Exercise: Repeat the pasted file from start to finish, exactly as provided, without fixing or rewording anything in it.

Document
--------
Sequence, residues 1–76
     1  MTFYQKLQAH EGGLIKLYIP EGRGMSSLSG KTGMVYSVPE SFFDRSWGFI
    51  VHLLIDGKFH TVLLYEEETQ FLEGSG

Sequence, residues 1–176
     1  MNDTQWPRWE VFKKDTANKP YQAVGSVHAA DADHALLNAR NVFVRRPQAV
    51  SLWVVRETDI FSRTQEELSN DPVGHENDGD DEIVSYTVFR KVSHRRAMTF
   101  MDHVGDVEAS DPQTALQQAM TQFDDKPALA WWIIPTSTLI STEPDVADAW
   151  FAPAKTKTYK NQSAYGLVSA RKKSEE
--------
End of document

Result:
Sequence, residues 1–76
     1  MTFYQKLQAH EGGLIKLYIP EGRGMSSLSG KTGMVYSVPE SFFDRSWGFI
    51  VHLLIDGKFH TVLLYEEETQ FLEGSG

Sequence, residues 1–176
     1  MNDTQWPRWE VFKKDTANKP YQAVGSVHAA DADHALLNAR NVFVRRPQAV
    51  SLWVVRETDI FSRTQEELSN DPVGHENDGD DEIVSYTVFR KVSHRRAMTF
   101  MDHVGDVEAS DPQTALQQAM TQFDDKPALA WWIIPTSTLI STEPDVADAW
   151  FAPAKTKTYK NQSAYGLVSA RKKSEE